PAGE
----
Germany turns on Von der Leyen: Patience runs out for EU chief over vaccine fiasco

UK vaccine success ‘got under skin’ of von der Leyen says expert

When you subscribe we will use the information you provide to send you these newsletters.Sometimes they’ll include recommendations for other related newsletters or services we offer.Our Privacy Notice explains more about how we use your data, and your rights.You can unsubscribe at any time.

The study found 26 percent of people in German said the European Commission President was the reason there were not enough jabs available across the bloc. The Brussels joint buy-up of Covid immunisations has left EU member states lagging far behind Britain’s vaccination drive. More than 30 million people in the UK have now received their first Covid-19 vaccine – over half the adult population.

In comparison, Germany has only a first dose to just 12 percent of its population – administering 12 million jabs in total.

But the opinion poll, carried out for the Welt Am Sonntag newspaper, found 29 percent of Germans placed blame at the feet of health minister Jens Spahn for the slow rollout.

And 14 percent said it was Chancellor Angela Merkel’s fault that Germany was lagging behind.

In the past week, pollsters Infratest Dimap spoke to 1,298 people to establish who was to blame for the country’s bungled pandemic response.

Just 15 percent answered “none of the three” and 16 percent had no opinion, the survey found.

With infections spreading like wildfire across Germany, participants called for Mrs Merkel and Mr Spahn to resign as a result of the misery.

More than half of respondents said the health minister should quit and 49 percent said the Chancellor should leave office early – she is due to step down after September’s national election.

France is also severely lagging behind Britain’s vaccine rollout, sparking threats of jabs blockades from President Emmanuel Macron.

Just 11.7 percent of French adults – 6.1 million – have received one or more Covid jabs, compared to 57 percent of UK adults who have received their first jab.

Mr Macron claimed France would catch up with our vaccination drive “in a few weeks”.

He said: “In a few weeks we will have completely caught up with the British, who will meanwhile be increasingly dependent on us to vaccinate their population.”

The French President appeared to make reference to AstraZeneca doses made in Europe that Brussels has threatened to block foreign exports of.

Eurocrats will stop jabs produced from the Anglo-Swedish pharma giant being sent abroad to countries with better vaccination rates than the EU because it believes the firm is not fulfilling its contract with the bloc.

On Friday, French foreign minister Jean-Yves Le Drian suggested Britain would soon run out of supplies to deliver second doses because we have prioritised rolling out first doses to as many people as possible.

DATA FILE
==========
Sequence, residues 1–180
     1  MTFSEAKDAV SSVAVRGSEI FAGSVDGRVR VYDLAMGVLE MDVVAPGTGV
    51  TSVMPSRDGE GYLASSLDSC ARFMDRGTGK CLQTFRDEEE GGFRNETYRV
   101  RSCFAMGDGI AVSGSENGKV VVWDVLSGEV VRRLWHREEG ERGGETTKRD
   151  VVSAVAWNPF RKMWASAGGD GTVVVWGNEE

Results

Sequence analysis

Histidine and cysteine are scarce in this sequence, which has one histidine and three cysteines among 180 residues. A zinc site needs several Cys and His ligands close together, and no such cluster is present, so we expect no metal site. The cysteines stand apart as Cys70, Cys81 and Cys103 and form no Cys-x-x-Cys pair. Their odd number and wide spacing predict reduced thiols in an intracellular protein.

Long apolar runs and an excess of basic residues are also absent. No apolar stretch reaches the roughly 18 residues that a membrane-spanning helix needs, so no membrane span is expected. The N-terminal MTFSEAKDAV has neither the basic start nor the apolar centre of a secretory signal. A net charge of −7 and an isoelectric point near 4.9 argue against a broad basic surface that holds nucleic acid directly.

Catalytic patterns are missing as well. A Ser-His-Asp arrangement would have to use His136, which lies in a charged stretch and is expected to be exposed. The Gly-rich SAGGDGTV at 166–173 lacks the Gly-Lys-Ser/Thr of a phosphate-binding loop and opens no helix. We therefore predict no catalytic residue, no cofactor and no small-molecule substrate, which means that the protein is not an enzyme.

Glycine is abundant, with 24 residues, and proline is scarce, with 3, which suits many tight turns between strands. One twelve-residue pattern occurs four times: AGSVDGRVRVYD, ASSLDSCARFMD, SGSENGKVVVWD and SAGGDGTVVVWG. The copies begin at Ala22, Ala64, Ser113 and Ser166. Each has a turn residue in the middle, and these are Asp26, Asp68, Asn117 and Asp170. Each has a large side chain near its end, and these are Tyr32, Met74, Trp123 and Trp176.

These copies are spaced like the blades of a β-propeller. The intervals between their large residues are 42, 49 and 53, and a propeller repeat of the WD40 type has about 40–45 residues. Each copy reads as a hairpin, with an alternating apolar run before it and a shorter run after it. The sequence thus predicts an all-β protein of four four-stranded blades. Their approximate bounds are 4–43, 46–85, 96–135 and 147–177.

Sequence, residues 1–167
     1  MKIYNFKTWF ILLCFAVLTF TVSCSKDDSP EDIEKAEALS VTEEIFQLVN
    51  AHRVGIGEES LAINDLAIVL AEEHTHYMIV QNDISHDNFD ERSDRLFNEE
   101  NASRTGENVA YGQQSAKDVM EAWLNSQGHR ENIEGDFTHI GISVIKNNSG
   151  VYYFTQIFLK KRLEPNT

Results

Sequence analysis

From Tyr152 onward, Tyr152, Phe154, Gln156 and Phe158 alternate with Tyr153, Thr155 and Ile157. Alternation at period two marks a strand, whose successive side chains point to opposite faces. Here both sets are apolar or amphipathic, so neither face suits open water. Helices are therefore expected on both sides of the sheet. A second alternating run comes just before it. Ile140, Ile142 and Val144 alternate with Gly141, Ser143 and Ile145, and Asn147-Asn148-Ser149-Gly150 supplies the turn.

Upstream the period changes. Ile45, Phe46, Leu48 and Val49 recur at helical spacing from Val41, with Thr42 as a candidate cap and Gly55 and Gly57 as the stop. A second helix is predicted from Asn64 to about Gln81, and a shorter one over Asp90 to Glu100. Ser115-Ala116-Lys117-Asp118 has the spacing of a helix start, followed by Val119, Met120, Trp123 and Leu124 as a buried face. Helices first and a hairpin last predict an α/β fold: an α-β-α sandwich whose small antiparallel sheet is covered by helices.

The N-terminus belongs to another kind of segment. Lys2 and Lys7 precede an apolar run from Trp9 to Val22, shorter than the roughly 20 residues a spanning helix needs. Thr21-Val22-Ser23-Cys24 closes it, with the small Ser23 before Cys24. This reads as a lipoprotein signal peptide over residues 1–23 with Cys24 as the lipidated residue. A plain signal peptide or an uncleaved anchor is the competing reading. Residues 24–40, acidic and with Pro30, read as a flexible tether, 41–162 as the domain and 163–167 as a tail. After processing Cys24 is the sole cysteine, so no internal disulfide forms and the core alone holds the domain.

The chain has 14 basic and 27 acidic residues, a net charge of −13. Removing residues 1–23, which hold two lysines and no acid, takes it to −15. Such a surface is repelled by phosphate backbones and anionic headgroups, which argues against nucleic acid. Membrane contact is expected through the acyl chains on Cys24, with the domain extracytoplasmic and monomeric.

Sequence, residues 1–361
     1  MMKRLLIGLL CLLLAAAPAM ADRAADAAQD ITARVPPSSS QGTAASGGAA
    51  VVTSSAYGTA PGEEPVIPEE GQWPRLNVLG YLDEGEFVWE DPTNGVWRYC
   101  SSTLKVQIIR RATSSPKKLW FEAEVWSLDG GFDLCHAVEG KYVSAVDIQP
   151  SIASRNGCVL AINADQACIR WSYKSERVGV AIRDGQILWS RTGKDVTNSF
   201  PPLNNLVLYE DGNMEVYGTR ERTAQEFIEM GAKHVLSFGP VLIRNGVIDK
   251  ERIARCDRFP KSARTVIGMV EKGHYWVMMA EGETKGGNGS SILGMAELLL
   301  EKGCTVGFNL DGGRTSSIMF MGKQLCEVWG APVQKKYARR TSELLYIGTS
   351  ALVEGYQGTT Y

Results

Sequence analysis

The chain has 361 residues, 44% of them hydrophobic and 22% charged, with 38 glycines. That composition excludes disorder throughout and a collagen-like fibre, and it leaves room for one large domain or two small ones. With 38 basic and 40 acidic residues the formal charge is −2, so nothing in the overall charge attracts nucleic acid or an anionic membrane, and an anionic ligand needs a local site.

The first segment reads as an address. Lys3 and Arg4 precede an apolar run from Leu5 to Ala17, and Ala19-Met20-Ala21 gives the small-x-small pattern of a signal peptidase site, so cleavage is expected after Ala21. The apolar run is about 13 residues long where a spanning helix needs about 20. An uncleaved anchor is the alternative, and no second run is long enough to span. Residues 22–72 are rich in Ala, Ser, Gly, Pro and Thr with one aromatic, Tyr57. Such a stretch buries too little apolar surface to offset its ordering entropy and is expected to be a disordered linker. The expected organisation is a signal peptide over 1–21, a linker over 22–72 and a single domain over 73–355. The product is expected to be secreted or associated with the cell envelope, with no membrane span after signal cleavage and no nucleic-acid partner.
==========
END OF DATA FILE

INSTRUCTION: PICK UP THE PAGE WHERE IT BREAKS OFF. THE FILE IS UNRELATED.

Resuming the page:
The minister suggested Britain would attempt to blackmail Brussels into helping beat any shortfall in supplies.

MUST READ: UK set to send warning to EU in last-ditch bid to stop export ban

Top eurocrat Thierry Breton hit out at AstraZeneca for only delivering 30 percent of its promised amount of jabs to member states.

“As long as AstraZeneca has not fulfilled its obligations, everything that it produces inside the EU will be given to Europeans.

“If there is a surplus, then it will go elsewhere.”

Asked whether Brexit had been the catalyst behind Britain’s vaccine success, the EU’s internal market commissioner responded: “I can understand why people are using this incredibly difficult period to justify their own choices, such as Brexit.

“The British depend on the European Union for their vaccination strategy.

“The British are incapable of rolling our their vaccination drive on their own.

Czech Republic to defy Brussels’ demands on euro adoption [INSIGHT]
Brexit latest: British expats ‘in tears’ as Spain to deport 500 [REVEALED]
Macron’s ‘disgraceful behaviour’ blasted: ‘Treated us like enemy’ [ANALYSIS]

Oliver Dowden insists UK will have access to second vaccine dose

“Now we see the problem for the British is the second dose.”

But Culture Secretary this weekend rebuked the claims made by Brussels that Britain will not meet its target delivering second doses to people within 12 weeks of their first.

He said: “We’ve been planning that all the way through.

“It’s one of the most important considerations as we’ve rolled out the vaccine.

“You will have seen the ups and downs – we were surging ahead a couple of weeks ago, there’s been a bit of a slowdown now.

“But that doesn’t undermine our confidence that we will be able to deliver for that crucial group, the over-50s, by the middle of April and then for the rest of the adult population by the end of July.”

Source: Read Full Article